Shortly after the hearing, Lara, who heads the Latino caucus, issued a statement saying he had removed Calderon from the caucus’s executive committee “in order to address all distractions that may impede our progress.”
The FBI affidavit reveals that leadership of the Latino caucus is an area of interest to federal investigators, and The Bee reported Sunday on the huge influence the growing caucus has inside the Capitol, controlling vast sums of campaign cash and wielding its clout to pass and kill significant bills.
The affidavit alleges that late last year, as Lara and Calderon vied for the caucus chairmanship, Sen. Kevin de León helped broker a deal in which Lara would maintain the chairmanship and the caucus would use campaign funds to pay Calderon $25,000.
Campaign finance reports show that about a month after the caucus voted to keep Lara as chairman, one of its political action committees made a $25,000 contribution to an organization run by Calderon’s brother, Tom Calderon.
“Unfortunately, recent allegations against one of our Caucus members, Senator Ron Calderon (D-Montebello), threaten to overshadow our accomplishments and undermine the integrity of the Caucus as a whole. We take these grave allegations seriously. While we make no judgment as to the veracity, we have a duty to protect the integrity of a distinguished Caucus,” Lara’s statement said.
He said Sen. Norma Torres, D-Pomona, is taking Calderon’s place on the executive committee, and commended his caucus for a “banner year” in pushing legislation to give driver’s licenses to undocumented immigrants and expand access to health care for the uninsured.
Lara, who until Tuesday had remained silent about caucus activities or the FBI probe, said he has “worked hard to make the Caucus, its policies and finances as transparent and open as possible. “I do not take lightly the public trust that comes with elective office and I do not condone nor would ever engage in any activity that puts that trust in question.”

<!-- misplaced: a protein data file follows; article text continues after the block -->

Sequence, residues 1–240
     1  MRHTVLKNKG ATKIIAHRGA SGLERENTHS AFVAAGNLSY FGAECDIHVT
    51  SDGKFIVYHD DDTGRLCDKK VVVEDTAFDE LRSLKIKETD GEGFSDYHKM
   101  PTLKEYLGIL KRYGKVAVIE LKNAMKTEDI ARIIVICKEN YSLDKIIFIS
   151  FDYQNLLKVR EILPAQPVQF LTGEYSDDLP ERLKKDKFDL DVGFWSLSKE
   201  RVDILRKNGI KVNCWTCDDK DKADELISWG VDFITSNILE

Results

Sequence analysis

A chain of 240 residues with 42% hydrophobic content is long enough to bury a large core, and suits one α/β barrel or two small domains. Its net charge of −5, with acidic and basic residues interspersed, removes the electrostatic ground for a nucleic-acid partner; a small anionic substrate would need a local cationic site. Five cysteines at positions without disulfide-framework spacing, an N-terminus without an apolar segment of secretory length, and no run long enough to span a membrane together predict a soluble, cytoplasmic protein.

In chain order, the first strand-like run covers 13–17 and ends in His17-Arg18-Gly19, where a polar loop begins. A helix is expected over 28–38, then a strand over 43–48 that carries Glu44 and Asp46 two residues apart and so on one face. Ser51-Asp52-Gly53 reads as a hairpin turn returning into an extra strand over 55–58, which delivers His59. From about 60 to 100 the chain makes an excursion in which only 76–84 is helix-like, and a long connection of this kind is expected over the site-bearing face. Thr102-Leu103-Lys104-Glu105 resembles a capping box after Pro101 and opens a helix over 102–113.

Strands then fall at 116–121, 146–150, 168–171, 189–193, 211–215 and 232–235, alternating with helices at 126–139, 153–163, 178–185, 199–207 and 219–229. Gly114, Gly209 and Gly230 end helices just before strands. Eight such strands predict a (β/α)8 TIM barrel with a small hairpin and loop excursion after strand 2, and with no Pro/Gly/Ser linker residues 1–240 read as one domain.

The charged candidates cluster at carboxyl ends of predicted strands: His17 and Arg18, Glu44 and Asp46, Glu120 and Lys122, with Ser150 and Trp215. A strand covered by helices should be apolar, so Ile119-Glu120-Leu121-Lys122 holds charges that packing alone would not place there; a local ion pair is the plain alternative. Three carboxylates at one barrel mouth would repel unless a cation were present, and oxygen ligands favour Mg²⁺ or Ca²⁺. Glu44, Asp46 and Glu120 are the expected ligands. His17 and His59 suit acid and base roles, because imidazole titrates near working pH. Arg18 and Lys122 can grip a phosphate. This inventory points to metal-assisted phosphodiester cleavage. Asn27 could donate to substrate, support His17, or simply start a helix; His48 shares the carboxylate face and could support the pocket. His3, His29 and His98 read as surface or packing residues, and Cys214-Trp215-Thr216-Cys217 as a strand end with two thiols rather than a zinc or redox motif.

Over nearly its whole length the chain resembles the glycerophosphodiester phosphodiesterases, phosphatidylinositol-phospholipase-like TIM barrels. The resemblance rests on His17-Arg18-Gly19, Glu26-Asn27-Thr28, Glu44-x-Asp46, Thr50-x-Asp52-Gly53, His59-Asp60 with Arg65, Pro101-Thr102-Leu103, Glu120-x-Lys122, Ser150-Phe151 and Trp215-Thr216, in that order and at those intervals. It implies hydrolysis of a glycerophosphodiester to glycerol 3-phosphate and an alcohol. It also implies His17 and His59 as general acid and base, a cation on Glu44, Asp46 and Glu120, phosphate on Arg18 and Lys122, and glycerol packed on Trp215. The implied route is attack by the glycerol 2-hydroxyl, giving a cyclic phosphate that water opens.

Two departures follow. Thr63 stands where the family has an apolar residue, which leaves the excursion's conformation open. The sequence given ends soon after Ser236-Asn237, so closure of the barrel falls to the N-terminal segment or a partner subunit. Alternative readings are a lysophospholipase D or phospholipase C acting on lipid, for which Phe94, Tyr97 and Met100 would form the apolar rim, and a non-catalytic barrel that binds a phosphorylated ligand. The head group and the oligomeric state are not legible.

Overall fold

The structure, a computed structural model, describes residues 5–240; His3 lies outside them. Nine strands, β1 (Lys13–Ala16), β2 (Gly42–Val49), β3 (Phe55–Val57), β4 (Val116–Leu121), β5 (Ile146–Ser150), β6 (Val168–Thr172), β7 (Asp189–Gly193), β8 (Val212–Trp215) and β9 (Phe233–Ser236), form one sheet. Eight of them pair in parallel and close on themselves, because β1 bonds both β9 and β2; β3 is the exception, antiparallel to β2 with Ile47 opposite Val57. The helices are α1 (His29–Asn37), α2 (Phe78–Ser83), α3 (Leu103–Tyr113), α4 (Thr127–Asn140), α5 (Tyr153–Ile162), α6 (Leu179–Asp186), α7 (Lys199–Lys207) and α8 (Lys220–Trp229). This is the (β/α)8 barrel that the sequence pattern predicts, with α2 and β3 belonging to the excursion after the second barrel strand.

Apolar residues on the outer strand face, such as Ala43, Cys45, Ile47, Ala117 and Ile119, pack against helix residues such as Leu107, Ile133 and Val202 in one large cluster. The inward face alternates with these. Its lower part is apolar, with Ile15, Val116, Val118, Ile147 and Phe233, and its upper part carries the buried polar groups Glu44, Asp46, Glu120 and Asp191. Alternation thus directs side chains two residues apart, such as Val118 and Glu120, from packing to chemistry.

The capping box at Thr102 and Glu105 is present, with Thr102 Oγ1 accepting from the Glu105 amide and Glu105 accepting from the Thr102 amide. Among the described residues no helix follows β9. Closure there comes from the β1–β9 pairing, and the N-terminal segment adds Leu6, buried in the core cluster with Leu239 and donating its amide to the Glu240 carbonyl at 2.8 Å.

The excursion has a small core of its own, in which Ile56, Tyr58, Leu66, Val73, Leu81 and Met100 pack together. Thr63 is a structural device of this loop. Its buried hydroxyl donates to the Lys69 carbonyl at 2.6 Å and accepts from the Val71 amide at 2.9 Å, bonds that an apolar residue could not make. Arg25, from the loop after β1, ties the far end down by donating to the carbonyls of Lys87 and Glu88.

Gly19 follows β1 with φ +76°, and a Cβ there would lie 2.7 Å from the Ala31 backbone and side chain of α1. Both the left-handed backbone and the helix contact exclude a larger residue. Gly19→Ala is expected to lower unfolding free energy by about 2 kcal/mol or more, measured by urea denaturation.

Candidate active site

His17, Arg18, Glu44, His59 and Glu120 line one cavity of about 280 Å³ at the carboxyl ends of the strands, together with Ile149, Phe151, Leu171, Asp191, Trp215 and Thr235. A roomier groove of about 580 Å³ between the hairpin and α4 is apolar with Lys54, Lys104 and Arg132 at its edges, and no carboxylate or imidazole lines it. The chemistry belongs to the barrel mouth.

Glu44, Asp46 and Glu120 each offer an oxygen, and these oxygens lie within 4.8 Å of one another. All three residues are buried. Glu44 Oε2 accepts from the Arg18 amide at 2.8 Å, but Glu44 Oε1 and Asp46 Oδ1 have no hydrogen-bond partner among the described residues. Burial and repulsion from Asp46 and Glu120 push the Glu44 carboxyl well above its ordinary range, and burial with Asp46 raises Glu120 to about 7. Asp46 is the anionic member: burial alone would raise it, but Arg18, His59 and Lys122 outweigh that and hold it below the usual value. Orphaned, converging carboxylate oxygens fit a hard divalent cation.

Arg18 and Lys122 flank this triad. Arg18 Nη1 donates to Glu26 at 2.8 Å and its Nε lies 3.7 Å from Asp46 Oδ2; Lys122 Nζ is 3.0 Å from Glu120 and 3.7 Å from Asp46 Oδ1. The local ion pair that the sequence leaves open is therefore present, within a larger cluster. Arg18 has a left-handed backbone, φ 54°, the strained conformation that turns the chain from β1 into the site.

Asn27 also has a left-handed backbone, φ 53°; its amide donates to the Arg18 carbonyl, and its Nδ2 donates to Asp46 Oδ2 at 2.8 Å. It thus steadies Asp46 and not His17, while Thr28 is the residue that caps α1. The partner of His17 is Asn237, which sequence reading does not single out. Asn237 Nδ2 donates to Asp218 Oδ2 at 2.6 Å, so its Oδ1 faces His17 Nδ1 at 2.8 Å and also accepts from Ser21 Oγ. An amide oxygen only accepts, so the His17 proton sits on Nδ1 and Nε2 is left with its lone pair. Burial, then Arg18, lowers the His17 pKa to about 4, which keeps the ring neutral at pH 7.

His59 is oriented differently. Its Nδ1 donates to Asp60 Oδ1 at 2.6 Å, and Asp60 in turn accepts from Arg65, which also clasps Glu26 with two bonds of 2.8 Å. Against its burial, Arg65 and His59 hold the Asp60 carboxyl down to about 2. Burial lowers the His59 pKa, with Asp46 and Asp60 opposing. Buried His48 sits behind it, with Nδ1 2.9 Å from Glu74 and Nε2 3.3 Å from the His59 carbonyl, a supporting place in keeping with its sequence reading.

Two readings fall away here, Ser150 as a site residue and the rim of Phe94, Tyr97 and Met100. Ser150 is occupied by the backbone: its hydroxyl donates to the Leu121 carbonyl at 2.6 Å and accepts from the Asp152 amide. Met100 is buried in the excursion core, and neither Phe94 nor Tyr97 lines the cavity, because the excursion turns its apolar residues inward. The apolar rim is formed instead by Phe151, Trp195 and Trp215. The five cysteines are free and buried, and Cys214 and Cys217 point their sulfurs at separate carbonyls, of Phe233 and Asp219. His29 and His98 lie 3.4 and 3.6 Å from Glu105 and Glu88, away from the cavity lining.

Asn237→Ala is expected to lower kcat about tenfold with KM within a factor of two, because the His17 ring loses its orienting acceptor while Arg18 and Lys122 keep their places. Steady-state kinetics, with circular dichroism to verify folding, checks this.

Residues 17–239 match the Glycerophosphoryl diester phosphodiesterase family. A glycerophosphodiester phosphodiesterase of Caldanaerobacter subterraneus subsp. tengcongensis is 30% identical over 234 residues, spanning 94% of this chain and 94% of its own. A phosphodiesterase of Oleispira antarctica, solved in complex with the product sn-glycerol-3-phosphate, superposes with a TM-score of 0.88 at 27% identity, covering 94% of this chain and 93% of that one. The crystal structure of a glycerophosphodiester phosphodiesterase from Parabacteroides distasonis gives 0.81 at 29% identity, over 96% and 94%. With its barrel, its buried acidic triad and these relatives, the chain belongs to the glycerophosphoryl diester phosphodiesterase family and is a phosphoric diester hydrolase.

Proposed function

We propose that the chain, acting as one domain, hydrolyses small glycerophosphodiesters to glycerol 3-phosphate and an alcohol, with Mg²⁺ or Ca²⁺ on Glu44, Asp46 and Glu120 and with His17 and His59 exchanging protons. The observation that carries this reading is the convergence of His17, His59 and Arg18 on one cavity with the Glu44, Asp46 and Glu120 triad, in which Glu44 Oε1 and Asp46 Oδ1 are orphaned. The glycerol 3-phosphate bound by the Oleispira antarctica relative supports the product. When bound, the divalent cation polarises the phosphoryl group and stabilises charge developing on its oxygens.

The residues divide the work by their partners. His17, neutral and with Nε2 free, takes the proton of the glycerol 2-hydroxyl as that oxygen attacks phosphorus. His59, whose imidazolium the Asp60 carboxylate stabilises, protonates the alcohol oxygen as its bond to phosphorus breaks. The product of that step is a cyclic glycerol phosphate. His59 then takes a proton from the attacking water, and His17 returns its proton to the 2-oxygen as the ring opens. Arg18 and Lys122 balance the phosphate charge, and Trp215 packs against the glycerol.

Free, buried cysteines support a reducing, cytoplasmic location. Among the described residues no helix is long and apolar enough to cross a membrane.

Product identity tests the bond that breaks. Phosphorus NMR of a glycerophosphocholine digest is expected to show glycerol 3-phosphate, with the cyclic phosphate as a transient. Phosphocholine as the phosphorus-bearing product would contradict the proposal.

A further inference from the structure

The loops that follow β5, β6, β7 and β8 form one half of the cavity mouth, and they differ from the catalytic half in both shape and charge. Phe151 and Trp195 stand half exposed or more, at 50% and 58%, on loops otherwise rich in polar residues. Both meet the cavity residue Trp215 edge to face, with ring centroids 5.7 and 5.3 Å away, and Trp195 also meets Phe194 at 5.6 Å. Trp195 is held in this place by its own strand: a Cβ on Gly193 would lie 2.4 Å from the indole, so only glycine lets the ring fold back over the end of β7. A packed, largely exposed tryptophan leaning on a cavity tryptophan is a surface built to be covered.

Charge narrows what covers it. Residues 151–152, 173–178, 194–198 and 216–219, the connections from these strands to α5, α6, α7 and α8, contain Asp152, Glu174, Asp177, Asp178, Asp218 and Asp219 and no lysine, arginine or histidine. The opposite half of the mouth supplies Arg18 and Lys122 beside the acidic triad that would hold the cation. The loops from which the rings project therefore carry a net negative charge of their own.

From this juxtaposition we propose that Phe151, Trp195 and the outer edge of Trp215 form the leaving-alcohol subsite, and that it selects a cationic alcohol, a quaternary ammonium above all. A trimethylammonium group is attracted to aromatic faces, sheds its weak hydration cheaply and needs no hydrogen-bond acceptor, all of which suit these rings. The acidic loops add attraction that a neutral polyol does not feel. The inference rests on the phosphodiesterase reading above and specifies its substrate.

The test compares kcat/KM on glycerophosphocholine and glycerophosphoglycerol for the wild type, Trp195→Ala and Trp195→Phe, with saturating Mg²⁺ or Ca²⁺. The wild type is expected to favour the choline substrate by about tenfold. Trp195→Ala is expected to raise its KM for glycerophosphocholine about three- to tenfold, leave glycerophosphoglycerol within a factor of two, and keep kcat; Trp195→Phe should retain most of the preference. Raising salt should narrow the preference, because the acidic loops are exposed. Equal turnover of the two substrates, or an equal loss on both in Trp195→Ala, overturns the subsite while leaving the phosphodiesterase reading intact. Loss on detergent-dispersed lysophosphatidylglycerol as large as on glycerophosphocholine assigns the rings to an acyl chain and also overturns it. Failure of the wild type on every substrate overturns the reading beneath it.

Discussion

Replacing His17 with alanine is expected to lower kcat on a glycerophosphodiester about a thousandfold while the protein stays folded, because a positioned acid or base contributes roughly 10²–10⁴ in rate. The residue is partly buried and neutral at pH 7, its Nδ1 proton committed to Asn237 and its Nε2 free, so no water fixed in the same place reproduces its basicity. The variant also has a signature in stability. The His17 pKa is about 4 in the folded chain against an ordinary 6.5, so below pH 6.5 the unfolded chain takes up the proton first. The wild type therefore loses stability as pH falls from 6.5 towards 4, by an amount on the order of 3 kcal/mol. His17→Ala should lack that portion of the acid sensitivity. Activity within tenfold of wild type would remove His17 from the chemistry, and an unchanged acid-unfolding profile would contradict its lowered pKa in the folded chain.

Lara’s hometown of Bell Gardens will be the host today for a press conference calling for Calderon to resign. Another member of the Latino caucus – Assemblywoman Cristina Garcia – announced Tuesday that at least eight civic leaders from southeast Los Angeles communities will ask him to resign today at the Bell Gardens City Hall.
Garcia, who beat Tom Calderon in her race for the Assembly last year, has been the only legislator calling for Ron Calderon to resign since the FBI affidavit became public. Today she says she’ll be joined by the mayors of Montebello, Norwalk, Downey and Pico Rivera, as well as city council members from Bell, Commerce and Downey.
“This is an opportunity for the local elected leaders to voice their concerns about Senator Calderon’s ability to represent his constituents and fulfill the duties of his office,” Garcia’s statement said.
Calderon on Friday called Garcia’s requests for him to resign “outrageous” and said she had “trample(d) on the Constitution by making a mockery of the presumption of innocence, a fundamental right.”